Friday, December 31, 2010

Rio: Kickin it with the 30-something wanderers


I arrived in Rio de Janeiro by bus on Monday the 27th around seven in the evening and my first experience was poop. The first taxi driver quoted a price double what the hostel told me it should cost. The second driver, who didn't turn on the meter despite my insistence and then turned it to the higher priced bandeira 2 in what I thought was a scam (though learned later, was not [oops, my bad])--actually made me get out of the taxi 2 blocks away from the bus terminal, which we both knew was a sketchy area. The third price was also a rip-off, but I took it anyway, in a huff, because I was out of patience and only wanted to safely get from Point A to Point B.


"Get your act together, Rio." I thought.

Point B was Rio Hostel in Santa Teresa. Because I was exhausted by work and travel, and because I have visited Rio three times before, and because I was most thrilled at the prospect of relaxing in the company of new friends (first 3 days) and old friends (next 3 days)--I had no intention of lifting a finger to sightsee, no intention of partaking (this time) in the madness at Copacabana na hora da virada. Nope. I just wanted to hang out, meet, read, sleep, wander a little, and clink a few glasses in the evenings.

I got exactly what I wanted.

My first impression of the Santa Teresa hostel was average. And from an accommodation standpoint, it is. Good showers, decent beds, average charm.

Excellent rooftop bar and patio with a little pool.

What made my stay far better than average, however, was the tribe of travelers (as is frequently the case). The night I arrived I met the Chinese-American Francis; Ryan and Todd, the retired Canadians; Jens the German Convention Engineer; Breno the Carioca and Vanessa the Gaúcha, a hard-partying duo that live in Belém do Pará (among others); all but one sharing an unusual characteristic for hostelers, we were aged 34 to 41.


Ryan & Todd


This brings a couple of notable differences to the experience.

1) We still partied hard, but only one bottle of hooch got smashed over the entire three days.

2) I had the delightful and unexpected sensation that my favorite hobby, traveling--and, more specifically, hosteling--was growing with me.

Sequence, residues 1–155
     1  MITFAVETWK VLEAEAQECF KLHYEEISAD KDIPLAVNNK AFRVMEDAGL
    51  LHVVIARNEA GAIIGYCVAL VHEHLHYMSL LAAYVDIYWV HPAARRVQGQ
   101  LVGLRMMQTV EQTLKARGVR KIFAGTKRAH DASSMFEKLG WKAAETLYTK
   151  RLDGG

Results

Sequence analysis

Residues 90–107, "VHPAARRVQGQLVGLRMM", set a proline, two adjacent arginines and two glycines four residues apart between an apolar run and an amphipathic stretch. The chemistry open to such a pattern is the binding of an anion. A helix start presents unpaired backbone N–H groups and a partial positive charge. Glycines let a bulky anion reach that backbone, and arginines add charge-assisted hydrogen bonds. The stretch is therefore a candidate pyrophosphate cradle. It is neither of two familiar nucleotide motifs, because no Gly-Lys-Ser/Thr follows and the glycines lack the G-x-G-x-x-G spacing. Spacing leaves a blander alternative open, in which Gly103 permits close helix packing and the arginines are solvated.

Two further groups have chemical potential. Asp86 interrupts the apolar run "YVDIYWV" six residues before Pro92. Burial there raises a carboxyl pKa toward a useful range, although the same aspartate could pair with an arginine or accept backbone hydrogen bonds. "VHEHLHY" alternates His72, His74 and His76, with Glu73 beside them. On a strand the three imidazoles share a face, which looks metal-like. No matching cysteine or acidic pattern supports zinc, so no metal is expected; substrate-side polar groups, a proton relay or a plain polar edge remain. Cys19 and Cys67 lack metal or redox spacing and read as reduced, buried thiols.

I was surrounded by neat people of my ilk who, for whatever reason and with whatever experience behind them, have made a conscientious choice and effort to take their lives on the road.


Jens, me, Frank, Tim, and Sarcastic Brit #1

Ryan speaks Japanese and just finished a 40,000 km bike ride from his native Winnipeg to Chile. Pfft.

Todd has had so many surgeries to correct hockey-related injuries that he is nearly robotic. And he is the Giver of Absinthe.

Vanessa works at the Theatro da Paz and sometimes gets funny looks due to her irresistible urge to get her groove on.

Americans Frank and Tim had the most opposite personalities and interests but the tightest bond of any brothers I have ever known. Super cool guys.

Dutch Elsa just left her position as a counselor with the penitentiary system to do a kiteboarding and culture tour of South America.

And there was Dutch Skip, Francesca of Milan, a few sarcastic Brits for good measure, and so many others...

Elsa and Tim (Apparently, double-fisting would be a trip theme, as you will see in the next post.)

My stay at Rio Hostel gave me itchy feet. One of the options for 2011 I have been kicking around my head for some time now is a slow backpacking tour of Bolivia, Peru, Colombia, et al. Hmmm.

But first, New Years Eve...

Saturday, December 25, 2010

Happy Holidays! Boas Festas!

I had a really nice Thanksgiving at Lawry's with Andrea, Thiera, Beth and Aaron.

Take one!



Take Two!


Don't take yourself too seriously!


Ahhhh, my cousin Beth and her husband Aaron. They are real cards, those two. Bless 'em!


Fast forward through a December full of work to last Friday. I was super-tired, nearly to tears, as I stood silently on the L platform at Jackson, waiting for the red line to carry me home to my dirty laundry and packing duties. Suddenly the guy next to me exclaimed, "Are you seeing this?" and I peeked down the subway tunnel at the approaching train.

video

It was the Holiday Train, or, as it should be known, The Jingle L!


Thank you Universe, for the sense of humor when I need it most!


The train is *decked* (Fa La La, Ha ha!) inside and out. The conductor is Santa-suited and full of cheer and jokes on the loudspeaker, which simultaneously broadcasts the Chicago CTA's unique blend of Holiday Hits: from James Brown to The Chipmunks. People were actually singing along!


That was uplifting.

Today, I am with my family. Tonight I'll be en route to São Paulo. Tomorrow I'll be en route to Rio de Janeiro.
Warm wishes for a wonderful holiday--with whomever, wherever you are "home".

Paulistinha

Wednesday, December 22, 2010

Myths